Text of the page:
Difficult Plants

Difficult Plants

Are there difficult plants? During a conversation on the podcast, we were discussing roses and the subject of roses being perceived as difficult came up. My guest was Michael Marriott, who is one of the leading rose experts in the world. Michael described roses as "tough as old boots." I completely agree with Michael and am always amazed at how vigorous and resilient roses are in the garden. So how did roses and so many plants obtain this reputation as difficult or problems in the garden?

The answer lies in how we see all plants. We tend to look at plants and gardening and only look at it from our perspective as a gardener and not from the perspective of the plant. Plants have evolved in their native habitats for tens of thousands of years or more. Even cultivated varieties are still carrying these genetic links to their parents. Is this a place this plant is accustomed to or adapt to changes the conversation. 

I'll use Agapanthus as a great example of this change in mindset. Originally from South Africa, Agapanthus are a family of plants that has evolved in an area with sunny warm days but also excellent draining native soil. Here at Natchez Glen, I have plenty of sunny hot days but the soil does keep moisture. If I plant an Agapanthus like above and it doesn't do well or even dies, does that make Agapanthus difficult? 

Now the conversation changes to are we giving this Agapanthus what it needs or are we willing or able to give the plant what it needs? Can we improve the drainage slightly to give a plant like Agapanthus a better chance? Yes, we can improve drainage by adding grit, never sand. We can plant higher and raise the soil line with a faster draining mix. We could bring in hundreds of yards of faster draining soil and make a new bed just for Agapanthus. All of this depends on us understanding the plants needs and are willingness to fulfil those needs. 

I don't believe any of the above make Agapanthus difficult. It just doesn't love my area as well as it likes a place off the coast of Washington state. That's why we hear so many contradicting stories in gardening. Where one person can grow a plant with ease, and it looks beautiful. While you try and the plant struggles. That doesn't mean that the person knows a secret you don't or has a magic spell. It simply means their micro-climate and ecology is giving that plant something your area is not. Soil, air temperature, humidity, and the speed of seasonal shifts are the most important factors that decide if a plant is happy in that place. Notice "you" aren't on that list. The only of those factors in gardens we can either improve or change is soil. All of the others are completely out of our control.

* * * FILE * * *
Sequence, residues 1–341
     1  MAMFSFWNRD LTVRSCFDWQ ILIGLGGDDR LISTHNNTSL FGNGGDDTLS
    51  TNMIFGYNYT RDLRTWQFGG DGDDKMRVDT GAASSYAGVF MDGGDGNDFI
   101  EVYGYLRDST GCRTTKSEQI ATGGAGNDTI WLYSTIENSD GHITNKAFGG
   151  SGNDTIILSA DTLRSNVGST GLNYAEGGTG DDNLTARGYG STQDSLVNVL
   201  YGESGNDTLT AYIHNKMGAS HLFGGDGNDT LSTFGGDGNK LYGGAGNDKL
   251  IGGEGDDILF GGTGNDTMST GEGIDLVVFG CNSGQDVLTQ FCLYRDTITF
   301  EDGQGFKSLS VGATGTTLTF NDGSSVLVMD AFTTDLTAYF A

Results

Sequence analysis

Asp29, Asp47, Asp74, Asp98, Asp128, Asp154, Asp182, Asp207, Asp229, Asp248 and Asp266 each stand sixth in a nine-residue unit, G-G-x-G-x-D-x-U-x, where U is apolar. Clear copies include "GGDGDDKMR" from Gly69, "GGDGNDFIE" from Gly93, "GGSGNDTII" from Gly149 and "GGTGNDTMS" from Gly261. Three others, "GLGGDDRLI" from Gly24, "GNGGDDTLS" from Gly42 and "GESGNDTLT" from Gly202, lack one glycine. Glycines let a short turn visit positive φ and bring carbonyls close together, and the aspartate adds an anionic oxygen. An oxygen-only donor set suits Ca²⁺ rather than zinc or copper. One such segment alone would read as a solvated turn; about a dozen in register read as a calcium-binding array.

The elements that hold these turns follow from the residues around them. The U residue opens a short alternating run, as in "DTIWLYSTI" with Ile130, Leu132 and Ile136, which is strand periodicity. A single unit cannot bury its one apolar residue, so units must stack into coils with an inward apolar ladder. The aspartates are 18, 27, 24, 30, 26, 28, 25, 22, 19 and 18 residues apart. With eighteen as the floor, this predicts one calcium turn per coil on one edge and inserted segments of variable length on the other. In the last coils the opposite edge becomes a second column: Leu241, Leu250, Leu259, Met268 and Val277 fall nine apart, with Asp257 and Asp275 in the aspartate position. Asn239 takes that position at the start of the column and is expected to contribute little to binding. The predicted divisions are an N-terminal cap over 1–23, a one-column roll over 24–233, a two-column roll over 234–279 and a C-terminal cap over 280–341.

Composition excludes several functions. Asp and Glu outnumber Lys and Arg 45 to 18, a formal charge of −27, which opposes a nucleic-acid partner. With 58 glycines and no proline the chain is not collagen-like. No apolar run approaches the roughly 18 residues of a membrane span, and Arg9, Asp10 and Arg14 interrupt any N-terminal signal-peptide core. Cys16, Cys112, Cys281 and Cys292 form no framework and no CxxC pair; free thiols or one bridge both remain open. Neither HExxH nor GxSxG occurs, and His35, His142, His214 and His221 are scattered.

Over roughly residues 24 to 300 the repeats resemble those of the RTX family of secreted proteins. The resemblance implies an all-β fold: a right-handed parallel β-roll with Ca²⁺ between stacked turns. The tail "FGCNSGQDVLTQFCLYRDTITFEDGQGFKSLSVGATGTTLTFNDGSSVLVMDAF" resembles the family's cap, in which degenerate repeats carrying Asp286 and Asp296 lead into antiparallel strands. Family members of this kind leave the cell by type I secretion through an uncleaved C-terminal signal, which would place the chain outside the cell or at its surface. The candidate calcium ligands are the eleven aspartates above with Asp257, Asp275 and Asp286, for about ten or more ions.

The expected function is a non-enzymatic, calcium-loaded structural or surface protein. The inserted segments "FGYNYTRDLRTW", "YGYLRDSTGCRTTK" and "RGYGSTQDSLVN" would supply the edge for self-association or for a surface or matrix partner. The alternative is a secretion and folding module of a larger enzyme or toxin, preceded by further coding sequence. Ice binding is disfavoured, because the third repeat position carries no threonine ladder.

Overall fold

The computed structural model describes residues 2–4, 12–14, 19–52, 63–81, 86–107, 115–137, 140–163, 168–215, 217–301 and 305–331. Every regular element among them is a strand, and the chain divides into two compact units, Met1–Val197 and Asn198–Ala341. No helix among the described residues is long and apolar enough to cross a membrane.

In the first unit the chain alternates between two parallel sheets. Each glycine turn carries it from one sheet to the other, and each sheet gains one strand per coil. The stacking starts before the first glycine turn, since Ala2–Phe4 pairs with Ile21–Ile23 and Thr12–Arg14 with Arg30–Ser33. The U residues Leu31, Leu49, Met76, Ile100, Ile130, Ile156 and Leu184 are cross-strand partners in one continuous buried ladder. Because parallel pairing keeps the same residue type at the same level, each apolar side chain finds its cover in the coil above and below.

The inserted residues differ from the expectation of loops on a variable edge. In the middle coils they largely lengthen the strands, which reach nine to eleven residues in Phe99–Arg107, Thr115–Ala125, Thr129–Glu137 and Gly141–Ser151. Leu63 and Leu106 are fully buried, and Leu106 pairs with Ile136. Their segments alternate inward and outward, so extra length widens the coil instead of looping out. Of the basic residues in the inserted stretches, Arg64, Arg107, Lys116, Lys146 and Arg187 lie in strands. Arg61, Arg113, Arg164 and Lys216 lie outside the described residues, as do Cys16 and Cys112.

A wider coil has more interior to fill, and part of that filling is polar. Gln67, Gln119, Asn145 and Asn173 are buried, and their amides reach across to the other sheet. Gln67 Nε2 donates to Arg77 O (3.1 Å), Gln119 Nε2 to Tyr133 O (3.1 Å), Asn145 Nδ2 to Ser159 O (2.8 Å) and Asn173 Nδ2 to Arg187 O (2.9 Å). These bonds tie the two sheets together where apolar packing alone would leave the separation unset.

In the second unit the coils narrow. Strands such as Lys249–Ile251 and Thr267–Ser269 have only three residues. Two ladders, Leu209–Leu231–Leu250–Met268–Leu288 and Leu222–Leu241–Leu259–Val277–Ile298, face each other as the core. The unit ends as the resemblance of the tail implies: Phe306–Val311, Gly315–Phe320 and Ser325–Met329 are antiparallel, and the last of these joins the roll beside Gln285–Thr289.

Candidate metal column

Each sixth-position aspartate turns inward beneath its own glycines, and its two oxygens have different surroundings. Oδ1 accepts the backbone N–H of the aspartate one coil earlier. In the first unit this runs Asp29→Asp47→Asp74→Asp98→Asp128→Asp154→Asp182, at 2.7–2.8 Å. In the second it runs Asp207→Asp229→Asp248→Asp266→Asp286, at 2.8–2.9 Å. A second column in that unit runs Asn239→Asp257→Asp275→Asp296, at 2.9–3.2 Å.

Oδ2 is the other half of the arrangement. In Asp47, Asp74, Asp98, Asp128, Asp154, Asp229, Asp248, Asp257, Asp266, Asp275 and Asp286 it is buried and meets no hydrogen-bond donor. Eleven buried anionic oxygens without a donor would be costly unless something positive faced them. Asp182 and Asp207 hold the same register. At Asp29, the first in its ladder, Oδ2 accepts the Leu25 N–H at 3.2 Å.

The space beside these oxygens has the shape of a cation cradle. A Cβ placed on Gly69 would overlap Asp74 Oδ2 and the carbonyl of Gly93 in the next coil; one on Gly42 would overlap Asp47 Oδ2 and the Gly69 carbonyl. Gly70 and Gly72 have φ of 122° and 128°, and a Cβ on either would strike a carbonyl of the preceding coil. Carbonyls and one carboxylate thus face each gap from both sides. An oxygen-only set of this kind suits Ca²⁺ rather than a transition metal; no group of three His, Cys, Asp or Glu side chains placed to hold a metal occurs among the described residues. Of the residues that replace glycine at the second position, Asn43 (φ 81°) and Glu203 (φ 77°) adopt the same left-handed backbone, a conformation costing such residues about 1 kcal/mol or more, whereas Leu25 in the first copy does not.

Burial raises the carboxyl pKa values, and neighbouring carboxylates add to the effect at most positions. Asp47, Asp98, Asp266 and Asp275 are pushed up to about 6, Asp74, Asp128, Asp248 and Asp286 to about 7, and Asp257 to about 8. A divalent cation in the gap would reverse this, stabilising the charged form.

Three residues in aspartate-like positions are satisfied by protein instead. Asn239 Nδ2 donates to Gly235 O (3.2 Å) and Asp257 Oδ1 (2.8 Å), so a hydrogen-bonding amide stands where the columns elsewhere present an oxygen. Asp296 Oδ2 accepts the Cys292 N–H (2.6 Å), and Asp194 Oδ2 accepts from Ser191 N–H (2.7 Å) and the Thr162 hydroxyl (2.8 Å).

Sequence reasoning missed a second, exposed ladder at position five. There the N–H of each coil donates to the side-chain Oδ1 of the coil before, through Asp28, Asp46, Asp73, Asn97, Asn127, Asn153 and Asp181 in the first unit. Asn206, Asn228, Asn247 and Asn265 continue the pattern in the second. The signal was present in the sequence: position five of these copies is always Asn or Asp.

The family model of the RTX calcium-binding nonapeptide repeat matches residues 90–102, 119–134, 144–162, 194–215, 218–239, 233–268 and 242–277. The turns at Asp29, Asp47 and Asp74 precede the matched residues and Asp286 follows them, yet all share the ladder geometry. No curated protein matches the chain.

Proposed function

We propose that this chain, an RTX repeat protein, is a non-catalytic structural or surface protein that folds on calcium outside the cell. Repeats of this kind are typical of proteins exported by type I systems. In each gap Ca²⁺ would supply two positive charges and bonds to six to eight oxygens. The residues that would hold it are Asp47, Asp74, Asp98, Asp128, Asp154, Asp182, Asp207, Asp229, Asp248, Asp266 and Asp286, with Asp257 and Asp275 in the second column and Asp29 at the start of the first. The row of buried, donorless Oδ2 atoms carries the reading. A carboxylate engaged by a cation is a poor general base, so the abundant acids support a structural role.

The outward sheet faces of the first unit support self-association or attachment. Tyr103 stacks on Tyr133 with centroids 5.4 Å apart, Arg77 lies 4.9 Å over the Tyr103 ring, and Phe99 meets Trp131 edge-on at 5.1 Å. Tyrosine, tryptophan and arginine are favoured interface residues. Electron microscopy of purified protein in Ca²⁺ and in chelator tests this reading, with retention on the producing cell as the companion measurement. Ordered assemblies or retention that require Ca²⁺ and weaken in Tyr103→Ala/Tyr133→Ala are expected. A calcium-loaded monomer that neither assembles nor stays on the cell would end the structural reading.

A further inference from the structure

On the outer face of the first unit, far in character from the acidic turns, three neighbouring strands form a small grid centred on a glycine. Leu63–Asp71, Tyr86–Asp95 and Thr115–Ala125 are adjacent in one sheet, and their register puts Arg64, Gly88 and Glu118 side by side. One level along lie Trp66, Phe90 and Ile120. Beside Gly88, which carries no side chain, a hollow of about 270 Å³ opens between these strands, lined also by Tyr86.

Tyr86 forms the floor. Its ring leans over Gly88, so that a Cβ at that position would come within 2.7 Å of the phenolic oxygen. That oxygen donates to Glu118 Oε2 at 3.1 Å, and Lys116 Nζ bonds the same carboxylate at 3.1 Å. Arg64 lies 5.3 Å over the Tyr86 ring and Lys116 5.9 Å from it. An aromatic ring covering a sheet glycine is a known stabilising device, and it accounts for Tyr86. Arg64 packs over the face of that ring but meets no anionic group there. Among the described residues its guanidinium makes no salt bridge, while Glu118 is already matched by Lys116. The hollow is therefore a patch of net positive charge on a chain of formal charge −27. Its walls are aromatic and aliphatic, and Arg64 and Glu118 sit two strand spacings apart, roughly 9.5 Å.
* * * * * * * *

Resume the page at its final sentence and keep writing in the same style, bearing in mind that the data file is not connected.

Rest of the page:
Roses are not difficult at all. They are as Michael said "tough as old boots." What does happen is we generalize roses as if they are all the same. There are over 350 species of roses and tens of thousands of cultivated varieties. Many of those roses need different climates or soils to do their best. If you give them close to what they want, they thrive and reward you with blooms. 

Rhododendron loderi 'King George'

We can fall in love with a plant. For me, it's Rhododendron loderi 'King George'. As much as I'd love to grow 'King George', I know it is not meant to be. Rhododendron loderi wants to grow in temperate areas where winter lows don't go below 15 and does not tolerate heavy soils or high humidity. I have tried three times and killed 'King George' three times. Does that make Rhododendron loderi 'King George' difficult? No, that makes Natchez Glen the wrong place for 'King George'. Will I try to grow 'King George' again? Yes, because I love the creativity of experimentation, and if it fails again, that will not make 'King George' difficult. That makes me stubborn. 

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